Child marriage violates girls’ basic human rights. When girls are forced to marry, they often drop out of school, may face serious health complications and even death from early pregnancy and childbearing, and are at greater risk of HIV infection and intimate partner violence. And they are often isolated, with limited opportunity to engage socially and to participate in the economic development of their communities.
While there is a growing evidence base documenting the tragic consequences of child marriage, there is a lack of data that sufficiently demonstrates the economic impacts of this harmful practice, including the economic opportunity and financial costs, costs for health care systems, lost education and earnings, lower growth potential, and the perpetuation of poverty.
Through this project, ICRW will collaborate with the World Bank (funded by Children’s Investment Fund Foundation) to lead this unique three-year program, which aims to address the economic consequences of child marriage through research, capacity building and advocacy. By establishing the effects that child marriage has on economic outcomes, the project aims to catalyze greater attention to this issue and accelerate progress to end this harmful practice.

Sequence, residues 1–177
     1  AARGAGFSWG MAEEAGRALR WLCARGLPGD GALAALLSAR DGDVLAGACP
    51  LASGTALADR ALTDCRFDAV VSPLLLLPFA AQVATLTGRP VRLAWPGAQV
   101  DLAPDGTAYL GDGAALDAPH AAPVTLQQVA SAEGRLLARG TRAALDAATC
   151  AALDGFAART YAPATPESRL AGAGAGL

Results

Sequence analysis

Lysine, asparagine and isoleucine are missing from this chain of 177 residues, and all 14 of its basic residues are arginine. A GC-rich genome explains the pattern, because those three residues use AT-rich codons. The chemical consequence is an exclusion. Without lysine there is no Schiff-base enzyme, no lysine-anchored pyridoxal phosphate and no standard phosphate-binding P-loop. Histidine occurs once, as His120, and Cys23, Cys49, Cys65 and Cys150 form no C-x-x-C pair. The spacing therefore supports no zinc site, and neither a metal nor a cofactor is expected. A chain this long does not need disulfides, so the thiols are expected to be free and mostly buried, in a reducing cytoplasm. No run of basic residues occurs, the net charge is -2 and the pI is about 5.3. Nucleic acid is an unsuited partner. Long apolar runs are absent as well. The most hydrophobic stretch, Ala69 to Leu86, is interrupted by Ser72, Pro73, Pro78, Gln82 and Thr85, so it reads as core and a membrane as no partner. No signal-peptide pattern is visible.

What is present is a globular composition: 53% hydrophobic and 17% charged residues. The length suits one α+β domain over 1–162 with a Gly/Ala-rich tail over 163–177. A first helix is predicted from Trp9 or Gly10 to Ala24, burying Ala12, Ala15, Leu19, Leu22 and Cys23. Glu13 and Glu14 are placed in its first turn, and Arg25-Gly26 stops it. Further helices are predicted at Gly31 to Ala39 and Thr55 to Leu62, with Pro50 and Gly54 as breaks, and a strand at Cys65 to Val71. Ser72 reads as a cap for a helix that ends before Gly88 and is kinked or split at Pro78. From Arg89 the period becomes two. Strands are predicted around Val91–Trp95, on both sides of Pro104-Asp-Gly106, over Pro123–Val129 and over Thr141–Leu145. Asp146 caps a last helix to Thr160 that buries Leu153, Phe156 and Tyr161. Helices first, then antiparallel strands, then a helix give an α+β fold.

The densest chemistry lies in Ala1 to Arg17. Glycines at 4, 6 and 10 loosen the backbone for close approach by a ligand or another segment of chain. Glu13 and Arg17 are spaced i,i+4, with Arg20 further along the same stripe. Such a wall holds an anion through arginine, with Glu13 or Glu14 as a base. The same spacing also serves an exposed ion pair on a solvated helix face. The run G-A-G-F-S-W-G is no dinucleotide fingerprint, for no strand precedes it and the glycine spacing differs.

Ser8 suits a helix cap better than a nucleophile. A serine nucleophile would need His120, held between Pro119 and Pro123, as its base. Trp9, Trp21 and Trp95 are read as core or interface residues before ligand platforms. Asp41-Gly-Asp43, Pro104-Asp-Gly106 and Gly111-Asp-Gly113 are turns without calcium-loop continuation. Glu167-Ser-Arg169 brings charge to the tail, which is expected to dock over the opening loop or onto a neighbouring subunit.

The first phase of work will focus largely on the development of a conceptual framework that will guide the research. The project team will then carry out a desk-based review of existing research and evidence on the pathways identified in the conceptual framework. Secondary data analysis will be conducted using large data sets, which include relevant information to develop preliminary estimates of economic costs of child marriage. The desk analyses will then be field-tested through primary data collection and analysis in three countries. The project will include global and national level advocacy components, as well as capacity building for local organizations and governments in the target countries.